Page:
The results of a study released by Nielsen this week suggest the last 15 years have been less than kind to small grocery and variety stores in the Czech Republic. While in 2000 there were more than 10,600, the number has since dropped by roughly a third. The reason? Hyper- and supermarket chains which have largely changed how Czechs do their shopping.
Squandering of public funds in ill-conceived investment projects has always been a big problem for Czech state administrations. Now the centre-left government is setting up a watchdog body which should assess the necessity for major investments and make sure that the money is spent according to plan.
Councillors in Brno have voted to sell land to a company that was to have developed it as a site for an Amazon distribution centre. The move comes despite a recent announcement by Amazon’s head of European operations that the internet retail giant had given up on building in Brno and was looking at alternative locations in the region. However, the developer, CTP Invest, said on Tuesday that there was a chance Amazon could in the end go ahead with the distribution centre in the Moravian capital. As well as a change of mind on Amazon’s part, that would also require councillors voting to change Brno’s territorial plan. The centre would create around 1,500 jobs.
CzechInvest has mediated investments of CZK 415 billion in the Czech Republic since the country joined the European Union in May 2004, according to figures released by the state agency quoted by the Czech News Agency. The investments have resulted in the creation of 145,000 new jobs. 2006, the year when Hyundai decided to build a plant in north Moravia, saw the biggest investments of CZK 94 billion.
The Czech Republic has benefitted in the recent years from being the biggest “pull” for foreign investors in Central Europe. But the city of Brno’s rejection of 2.7 billion-crown investment from Amazon has sent is a major setback for the country’s efforts to attract more investors into the country which will also soon be hampered by planned new EU rules likely to cut the maximum incentives that can be offered to foreign investors. In this week’s edition of Marketplace, the head of the government agency CzechInvest Ondřej Votruba discusses the Amazon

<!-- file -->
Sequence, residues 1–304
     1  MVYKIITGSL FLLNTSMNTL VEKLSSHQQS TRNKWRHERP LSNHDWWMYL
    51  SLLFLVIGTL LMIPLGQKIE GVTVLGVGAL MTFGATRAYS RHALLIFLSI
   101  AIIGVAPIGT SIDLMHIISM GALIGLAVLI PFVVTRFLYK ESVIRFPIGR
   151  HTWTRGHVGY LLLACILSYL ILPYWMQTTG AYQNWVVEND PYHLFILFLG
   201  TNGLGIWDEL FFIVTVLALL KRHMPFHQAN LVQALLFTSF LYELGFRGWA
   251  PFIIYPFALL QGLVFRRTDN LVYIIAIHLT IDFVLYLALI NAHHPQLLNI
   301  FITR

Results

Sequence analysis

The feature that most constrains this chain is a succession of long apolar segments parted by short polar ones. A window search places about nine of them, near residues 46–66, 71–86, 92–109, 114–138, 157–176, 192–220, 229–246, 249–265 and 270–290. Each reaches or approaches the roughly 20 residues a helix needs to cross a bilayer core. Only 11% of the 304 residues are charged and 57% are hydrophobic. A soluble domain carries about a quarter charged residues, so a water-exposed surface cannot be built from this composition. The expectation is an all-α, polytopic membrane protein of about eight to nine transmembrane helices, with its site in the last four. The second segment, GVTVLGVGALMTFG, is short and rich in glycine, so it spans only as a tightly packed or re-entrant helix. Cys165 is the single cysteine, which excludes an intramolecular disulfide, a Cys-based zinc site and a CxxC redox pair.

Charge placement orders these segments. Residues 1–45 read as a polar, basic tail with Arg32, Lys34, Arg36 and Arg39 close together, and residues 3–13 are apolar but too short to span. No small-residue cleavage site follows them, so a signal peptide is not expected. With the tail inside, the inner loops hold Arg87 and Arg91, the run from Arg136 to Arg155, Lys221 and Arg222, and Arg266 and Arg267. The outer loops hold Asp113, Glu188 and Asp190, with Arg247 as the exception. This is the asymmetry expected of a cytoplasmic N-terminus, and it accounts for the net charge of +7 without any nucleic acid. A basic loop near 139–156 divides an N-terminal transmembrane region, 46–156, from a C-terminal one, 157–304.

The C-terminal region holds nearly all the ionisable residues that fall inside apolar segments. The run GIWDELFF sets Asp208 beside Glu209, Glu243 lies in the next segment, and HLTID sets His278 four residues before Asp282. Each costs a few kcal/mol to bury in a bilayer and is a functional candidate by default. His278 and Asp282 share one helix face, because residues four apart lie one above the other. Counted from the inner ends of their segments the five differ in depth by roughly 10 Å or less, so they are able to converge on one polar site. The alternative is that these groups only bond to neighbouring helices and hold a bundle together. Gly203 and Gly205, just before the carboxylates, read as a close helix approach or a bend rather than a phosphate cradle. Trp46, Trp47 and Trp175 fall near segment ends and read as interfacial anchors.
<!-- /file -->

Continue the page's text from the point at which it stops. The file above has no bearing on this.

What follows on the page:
Czech exports to Ukraine dropped by 28.8 percent in February while exports to Russia registered an 0.4 percent in that month, the Czech Statistical Office said on Monday. Analysts see the Crimea crisis as the main reason behind the drop, as well as a slowdown of the Russian economy. Overall, Czech exports grew by over 15 percent in February, driven by trade with Germany, Austria, China, France, and other countries. A spokesman for the Exporters’ Association said Czech companies were concerned about an escalation of the crisis in Ukraine, adding that many expect lower volumes of new orders from their Russian business partners.
Russia’s Evraz sells Vítkovice steel works for 5.7 billion crowns
The Russian Evraz group has sold its Czech plant Vítkovice Steel. Its new owners, a group of investors including Martinley Holdings, Nabara Holdings, Vitect Services, Hayston Investments and Dawnaly Investments, paid 278 million US dollars, or over 5.7 billion Czech crowns, for the plant, a spokesman for Vítkovice Steel said, adding that the investors are planning to expand the company’s position as an independent player on the market with rolled products. With 1,100 employees, Vítkovice Steel is the Czech Republic’s third largest metalworking firm. It was acquired by the Evraz group in 2005 for 285 million dollars.
Over 1,000 skeletons discovered during renovation of Kutná Hora “bone church”
Language exams for foreigners seeking permanent residency permit to become tougher
Why are Russian and Chinese spying activities in Czech Republic so intense and how exactly do they do it?
Prague’s historical Koh-i-noor factory to be converted into residential area
The history of the “German Czechs”